Protein is the building component of the human body. It is considered a macronutrient, meaning that you need it in fairly large quantities to maintain good health. Each of the over 100 trillion cells in your body is composed of protein. Every one of these cells contains thousands of proteins. Clearly, protein is essential for health. Animal-based protein can be found in foods like beef, cottage cheese, chicken, fish and eggs. Proteins from plant sources include legumes such as beans, lentils and peas; seeds like hemp and sesame; and nuts such as almonds and cashews.
Proteins play the role of strengthening and building muscles, hormones and bones; repairing cells and replacing body tissues. When your protein intake is more than what the body requires, it is stored as fats and converted to sugar: a recipe for disaster if left unchecked. In the worst case scenario, it can lead to serious illnesses like cancer. Insufficient consumption of protein has health consequences too, among them being low immunity, muscle loss, bone weakness, joint pains, sarcopenia and osteoporosis. Therefore, you need to know how much protein you should take in any given day.
On average, the amount of protein required to sustain your health, also called the Recommended Dietary Allowance (RDA) of protein ranges between 0.5 to 1 grams per pound of your body weight. Therefore, an adult weighing 160 pounds should consume at least 80 grams of protein daily. Even so, the RDA of protein is not uniform for all because it is dependent on one's activity level, age, health status and fitness goals. If your lifestyle is physically active or you are a sports person for example, then with a protein intake of 0.5 0.7 grams per pound of your body weight, you are good to go. Additionally, the elderly need more protein to reduce declining muscle and bone strength. Hence, 0.5 0.6 grams of protein per pound of their body weight is recommended. The same range of protein consumption applies to expectant and lactating mothers.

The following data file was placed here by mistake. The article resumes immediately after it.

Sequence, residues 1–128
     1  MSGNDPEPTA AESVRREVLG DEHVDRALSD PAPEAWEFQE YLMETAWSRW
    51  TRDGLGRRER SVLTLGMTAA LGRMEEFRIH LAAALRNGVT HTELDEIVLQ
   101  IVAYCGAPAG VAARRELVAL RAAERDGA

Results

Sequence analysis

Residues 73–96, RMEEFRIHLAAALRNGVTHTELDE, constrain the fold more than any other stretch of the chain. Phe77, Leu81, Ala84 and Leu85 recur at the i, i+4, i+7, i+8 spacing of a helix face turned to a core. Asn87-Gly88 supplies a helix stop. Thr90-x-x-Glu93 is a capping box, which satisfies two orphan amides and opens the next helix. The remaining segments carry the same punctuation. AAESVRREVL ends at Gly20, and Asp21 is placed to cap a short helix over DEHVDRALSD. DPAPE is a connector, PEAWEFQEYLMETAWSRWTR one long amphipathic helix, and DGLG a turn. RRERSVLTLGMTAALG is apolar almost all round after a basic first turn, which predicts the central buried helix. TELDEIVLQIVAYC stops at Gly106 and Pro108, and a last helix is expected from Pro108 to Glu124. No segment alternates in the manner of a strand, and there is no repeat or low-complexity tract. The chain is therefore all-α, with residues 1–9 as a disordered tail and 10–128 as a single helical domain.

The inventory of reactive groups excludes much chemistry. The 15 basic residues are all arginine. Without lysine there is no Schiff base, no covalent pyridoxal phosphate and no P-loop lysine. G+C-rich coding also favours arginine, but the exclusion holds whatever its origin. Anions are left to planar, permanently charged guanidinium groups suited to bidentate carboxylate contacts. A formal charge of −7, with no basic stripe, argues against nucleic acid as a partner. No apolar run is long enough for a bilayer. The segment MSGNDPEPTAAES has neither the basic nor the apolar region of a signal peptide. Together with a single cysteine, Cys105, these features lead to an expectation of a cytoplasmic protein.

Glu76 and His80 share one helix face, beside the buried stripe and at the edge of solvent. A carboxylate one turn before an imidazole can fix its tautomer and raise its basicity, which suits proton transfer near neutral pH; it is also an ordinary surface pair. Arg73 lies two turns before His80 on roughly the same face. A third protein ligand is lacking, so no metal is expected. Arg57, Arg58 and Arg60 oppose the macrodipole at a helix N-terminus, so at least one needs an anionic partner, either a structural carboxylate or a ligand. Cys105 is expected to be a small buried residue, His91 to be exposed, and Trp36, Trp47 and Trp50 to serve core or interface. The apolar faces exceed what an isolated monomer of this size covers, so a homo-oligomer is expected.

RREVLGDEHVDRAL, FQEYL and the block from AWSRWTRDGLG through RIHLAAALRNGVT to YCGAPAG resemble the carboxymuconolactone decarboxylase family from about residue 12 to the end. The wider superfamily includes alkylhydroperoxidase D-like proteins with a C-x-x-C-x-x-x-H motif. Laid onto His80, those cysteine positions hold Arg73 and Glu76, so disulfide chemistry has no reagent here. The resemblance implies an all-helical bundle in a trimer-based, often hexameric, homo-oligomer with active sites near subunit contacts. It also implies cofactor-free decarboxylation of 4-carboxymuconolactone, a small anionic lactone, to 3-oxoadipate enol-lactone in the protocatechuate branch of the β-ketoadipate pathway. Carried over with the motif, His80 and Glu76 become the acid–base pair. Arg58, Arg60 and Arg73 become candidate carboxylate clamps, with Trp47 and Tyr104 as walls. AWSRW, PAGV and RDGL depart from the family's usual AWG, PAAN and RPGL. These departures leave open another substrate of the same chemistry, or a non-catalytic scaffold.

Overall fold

Furthermore, the injured require a lot of protein intake for the successful and timely healing of their wounds. For example, patients who have sustained extensive burn wounds can be on a high protein diet of up to 1.5 grams per pound of their body weight. Again, high protein intake can also help you achieve your fitness goal of gaining muscles. Consuming 1 gram of protein per pound of your body weight is the ideal if this is the case. Conversely, should you want to lose weight, increasing your protein intake by 0.3 times more will do the trick. This is because proteins suppress hunger pangs causing you to eat less. However, if you are leading a sedentary lifestyle, then a protein consumption of 0.3 to 0.4 grams per pound of your body weight will suffice.
Your health is your wealth. Observing your RDA of protein will pay dividends in the long run. Your body will function optimally for a lengthy period of time. Besides, you will enjoy a stable blood sugar level, reduced brain fatigue and have a robust life.